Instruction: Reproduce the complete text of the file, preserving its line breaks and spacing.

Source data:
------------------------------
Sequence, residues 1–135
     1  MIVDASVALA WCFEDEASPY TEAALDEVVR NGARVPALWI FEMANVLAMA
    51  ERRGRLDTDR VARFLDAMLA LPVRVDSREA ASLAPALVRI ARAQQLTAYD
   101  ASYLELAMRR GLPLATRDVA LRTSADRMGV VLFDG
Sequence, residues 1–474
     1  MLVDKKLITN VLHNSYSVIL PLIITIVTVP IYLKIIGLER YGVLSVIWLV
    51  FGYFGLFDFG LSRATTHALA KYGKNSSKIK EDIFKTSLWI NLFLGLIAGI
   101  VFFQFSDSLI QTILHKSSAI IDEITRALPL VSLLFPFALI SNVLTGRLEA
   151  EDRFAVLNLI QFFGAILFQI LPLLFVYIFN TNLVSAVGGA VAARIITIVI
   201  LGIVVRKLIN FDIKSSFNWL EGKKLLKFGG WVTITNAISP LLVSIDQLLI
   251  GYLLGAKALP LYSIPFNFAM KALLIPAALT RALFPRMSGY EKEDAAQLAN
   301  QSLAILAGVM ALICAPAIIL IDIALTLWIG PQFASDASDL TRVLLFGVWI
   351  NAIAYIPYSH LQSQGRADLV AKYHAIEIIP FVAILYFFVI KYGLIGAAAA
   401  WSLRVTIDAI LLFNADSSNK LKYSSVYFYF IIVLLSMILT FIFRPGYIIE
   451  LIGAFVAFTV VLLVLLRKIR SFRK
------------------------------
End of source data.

Sequence, residues 1–135
     1  MIVDASVALA WCFEDEASPY TEAALDEVVR NGARVPALWI FEMANVLAMA
    51  ERRGRLDTDR VARFLDAMLA LPVRVDSREA ASLAPALVRI ARAQQLTAYD
   101  ASYLELAMRR GLPLATRDVA LRTSADRMGV VLFDG
Sequence, residues 1–474
     1  MLVDKKLITN VLHNSYSVIL PLIITIVTVP IYLKIIGLER YGVLSVIWLV
    51  FGYFGLFDFG LSRATTHALA KYGKNSSKIK EDIFKTSLWI NLFLGLIAGI
   101  VFFQFSDSLI QTILHKSSAI IDEITRALPL VSLLFPFALI SNVLTGRLEA
   151  EDRFAVLNLI QFFGAILFQI LPLLFVYIFN TNLVSAVGGA VAARIITIVI
   201  LGIVVRKLIN FDIKSSFNWL EGKKLLKFGG WVTITNAISP LLVSIDQLLI
   251  GYLLGAKALP LYSIPFNFAM KALLIPAALT RALFPRMSGY EKEDAAQLAN
   301  QSLAILAGVM ALICAPAIIL IDIALTLWIG PQFASDASDL TRVLLFGVWI
   351  NAIAYIPYSH LQSQGRADLV AKYHAIEIIP FVAILYFFVI KYGLIGAAAA
   401  WSLRVTIDAI LLFNADSSNK LKYSSVYFYF IIVLLSMILT FIFRPGYIIE
   451  LIGAFVAFTV VLLVLLRKIR SFRK